Community, nonprofit and arts leaders gathered at the Akron Art Museum Monday to celebrate a surge of funding that will help boost the local arts scene. At the event, leaders from the John S. and James L. Knight Foundation celebrated $3 million in recently announced grants for a number of local arts institutions, as well as another $3 million that will help cultivate new arts ideas through a series of challenge grants over the next three years.
“You can see Akron has artistic momentum, and we wanted to help the community build on this momentum,” said Dennis Scholl, vice president for arts at Knight Foundation. “That’s why we’re making this $6 million investment in the arts.”
The Akron Civic Theatre, Tuesday Musical Association, the Akron Symphony and Youth Excellence Performing Arts Workshop (YEPAW) will receive $500,000 in funding, while the Akron Art Museum will receive $1 million. These “anchor institutions” were chosen for their commitment to artistic excellence and audience engagement, according to Knight Foundation.
Starting in 2015, the Knight Arts Challenge will offer $3 million over three years in the form of challenge grants to the best arts ideas, whether they’re from individuals, groups or grassroots organizations.
The ideas generated in Knight’s designated cities can serve as “laboratories for the nation,” said Alberto Ibargüen, president of Knight Foundation. “We have evolved a set of program areas where we feel we have the greatest opportunity to leverage what is happening in the community for the greatest impact: those areas are talent, opportunity and engagement.”
Scholl said he’s seen more activity happening in the grass roots of the community, emphasizing the need for this arts challenge in Akron, which could draw ideas from all over the spectrum: from individual artists to organizations, for-profits and nonprofits, the challenge is open to anyone and any organization, regardless of size.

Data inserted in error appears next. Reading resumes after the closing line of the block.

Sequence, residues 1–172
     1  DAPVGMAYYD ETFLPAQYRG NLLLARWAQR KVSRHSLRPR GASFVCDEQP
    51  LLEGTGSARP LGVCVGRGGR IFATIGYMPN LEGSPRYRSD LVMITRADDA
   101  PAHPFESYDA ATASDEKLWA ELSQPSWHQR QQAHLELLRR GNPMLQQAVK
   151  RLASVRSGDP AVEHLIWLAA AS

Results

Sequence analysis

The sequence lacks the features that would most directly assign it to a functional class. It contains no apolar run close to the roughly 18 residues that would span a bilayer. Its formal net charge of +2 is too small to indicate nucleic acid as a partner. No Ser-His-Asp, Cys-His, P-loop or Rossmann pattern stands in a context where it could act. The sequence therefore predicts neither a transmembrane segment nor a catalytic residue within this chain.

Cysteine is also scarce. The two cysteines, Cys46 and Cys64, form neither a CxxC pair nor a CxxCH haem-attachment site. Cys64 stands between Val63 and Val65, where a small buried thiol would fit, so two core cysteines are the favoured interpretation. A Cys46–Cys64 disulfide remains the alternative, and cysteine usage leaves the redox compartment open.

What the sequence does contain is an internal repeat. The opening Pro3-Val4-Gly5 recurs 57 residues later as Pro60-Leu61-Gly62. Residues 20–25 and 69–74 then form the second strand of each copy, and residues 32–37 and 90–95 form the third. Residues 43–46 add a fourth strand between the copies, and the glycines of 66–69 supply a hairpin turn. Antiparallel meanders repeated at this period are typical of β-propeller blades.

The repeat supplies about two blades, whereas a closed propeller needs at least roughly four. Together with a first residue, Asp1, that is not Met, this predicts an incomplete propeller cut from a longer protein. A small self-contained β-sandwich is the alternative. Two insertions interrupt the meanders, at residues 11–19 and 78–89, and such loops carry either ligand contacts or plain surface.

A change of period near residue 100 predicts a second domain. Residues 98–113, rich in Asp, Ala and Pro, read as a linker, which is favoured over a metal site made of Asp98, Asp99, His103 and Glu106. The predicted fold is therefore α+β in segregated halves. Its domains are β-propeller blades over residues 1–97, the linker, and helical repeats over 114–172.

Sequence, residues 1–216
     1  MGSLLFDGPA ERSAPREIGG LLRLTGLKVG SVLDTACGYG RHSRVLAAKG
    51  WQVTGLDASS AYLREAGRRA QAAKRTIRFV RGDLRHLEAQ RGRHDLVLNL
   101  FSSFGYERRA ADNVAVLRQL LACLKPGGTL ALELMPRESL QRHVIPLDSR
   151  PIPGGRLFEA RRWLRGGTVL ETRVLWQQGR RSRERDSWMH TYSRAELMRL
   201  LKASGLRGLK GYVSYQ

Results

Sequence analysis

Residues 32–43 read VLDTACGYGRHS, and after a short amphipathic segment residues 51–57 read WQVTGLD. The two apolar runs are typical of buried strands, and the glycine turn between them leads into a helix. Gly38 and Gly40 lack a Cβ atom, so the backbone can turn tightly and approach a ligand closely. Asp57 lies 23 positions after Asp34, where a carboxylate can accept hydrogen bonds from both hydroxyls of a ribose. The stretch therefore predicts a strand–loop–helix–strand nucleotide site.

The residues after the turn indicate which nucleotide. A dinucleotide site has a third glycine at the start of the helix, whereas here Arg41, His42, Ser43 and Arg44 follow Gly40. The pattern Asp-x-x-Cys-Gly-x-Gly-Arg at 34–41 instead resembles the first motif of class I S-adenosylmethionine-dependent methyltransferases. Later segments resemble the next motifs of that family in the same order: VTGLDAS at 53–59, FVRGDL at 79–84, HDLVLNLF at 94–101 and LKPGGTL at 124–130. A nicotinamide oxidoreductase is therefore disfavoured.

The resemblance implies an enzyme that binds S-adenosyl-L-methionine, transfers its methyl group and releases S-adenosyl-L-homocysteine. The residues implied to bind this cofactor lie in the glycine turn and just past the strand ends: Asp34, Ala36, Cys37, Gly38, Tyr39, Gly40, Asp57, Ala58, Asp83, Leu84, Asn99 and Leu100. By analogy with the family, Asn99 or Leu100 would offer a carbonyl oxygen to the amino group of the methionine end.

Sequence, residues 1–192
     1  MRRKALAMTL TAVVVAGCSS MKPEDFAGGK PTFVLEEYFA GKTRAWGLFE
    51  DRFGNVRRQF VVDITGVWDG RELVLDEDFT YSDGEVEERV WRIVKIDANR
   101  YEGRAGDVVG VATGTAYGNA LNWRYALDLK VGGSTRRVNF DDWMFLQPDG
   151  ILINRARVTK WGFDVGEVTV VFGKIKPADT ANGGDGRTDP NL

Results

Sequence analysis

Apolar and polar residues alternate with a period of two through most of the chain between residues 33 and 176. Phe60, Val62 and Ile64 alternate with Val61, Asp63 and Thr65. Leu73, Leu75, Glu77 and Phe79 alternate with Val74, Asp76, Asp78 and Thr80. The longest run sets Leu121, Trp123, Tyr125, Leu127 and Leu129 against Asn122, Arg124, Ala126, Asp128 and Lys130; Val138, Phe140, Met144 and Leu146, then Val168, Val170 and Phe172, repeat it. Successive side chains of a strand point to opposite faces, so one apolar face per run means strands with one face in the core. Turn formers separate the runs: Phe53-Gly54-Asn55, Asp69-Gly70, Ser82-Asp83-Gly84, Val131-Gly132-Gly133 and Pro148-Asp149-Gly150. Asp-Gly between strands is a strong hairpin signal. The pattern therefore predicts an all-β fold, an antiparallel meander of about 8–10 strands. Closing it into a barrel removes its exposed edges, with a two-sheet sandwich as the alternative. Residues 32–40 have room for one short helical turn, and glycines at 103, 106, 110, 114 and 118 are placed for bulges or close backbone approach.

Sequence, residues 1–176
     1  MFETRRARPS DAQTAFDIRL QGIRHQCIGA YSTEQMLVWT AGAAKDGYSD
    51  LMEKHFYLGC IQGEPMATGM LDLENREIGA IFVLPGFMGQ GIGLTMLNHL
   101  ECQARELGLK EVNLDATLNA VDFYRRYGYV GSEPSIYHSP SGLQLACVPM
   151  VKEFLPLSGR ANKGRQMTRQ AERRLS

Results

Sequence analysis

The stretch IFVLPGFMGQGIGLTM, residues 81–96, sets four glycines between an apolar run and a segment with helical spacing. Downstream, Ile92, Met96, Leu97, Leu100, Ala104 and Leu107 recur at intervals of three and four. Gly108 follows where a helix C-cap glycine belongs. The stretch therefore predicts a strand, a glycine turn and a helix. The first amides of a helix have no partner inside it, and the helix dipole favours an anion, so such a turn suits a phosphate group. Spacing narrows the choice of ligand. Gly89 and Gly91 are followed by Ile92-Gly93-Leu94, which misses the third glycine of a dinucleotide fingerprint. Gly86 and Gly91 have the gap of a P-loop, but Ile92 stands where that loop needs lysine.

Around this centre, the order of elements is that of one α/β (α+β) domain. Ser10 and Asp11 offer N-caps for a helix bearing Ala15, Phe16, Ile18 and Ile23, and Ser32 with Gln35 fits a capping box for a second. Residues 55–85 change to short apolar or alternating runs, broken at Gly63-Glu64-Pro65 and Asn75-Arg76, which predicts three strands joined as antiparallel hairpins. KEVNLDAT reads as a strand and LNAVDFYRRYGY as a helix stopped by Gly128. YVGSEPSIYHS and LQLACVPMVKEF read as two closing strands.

The contest has three simple rules: 1) the idea must be about the arts; 2) the project must take place in or benefit Akron; and 3) the grant recipients must find funds to match Knight’s commitment.
Artistic quality and innovation will be key to the arts challenge grants, said Ibargüen. “We really want art that matters, art that has impact,” he said. The selected projects also need to demonstrate audience engagement and sustainability. “We’re interested in how communities will generate sustainability for the artists themselves,” he added.
“The challenge invites everyone in the community with innovative ideas, and it’s our goal to help see them to action,” said Josh McManus, Akron program director for Knight Foundation. “It’s an ideas contest. We’re looking for out-of-the box projects. Start dreaming.”
The recent funding announcement comes on the heels of an arts and culture landscape study funded by GAR Foundation and Knight Foundation. The assessment outlined a number of challenges for the community and expressed the need for a stronger arts and culture community. About 75 percent of respondents said they attended an arts or cultural event in the past year, and young people and African-Americans both responded that they are looking for more arts events and opportunities relevant to them.
For information, visit KnightArts.org.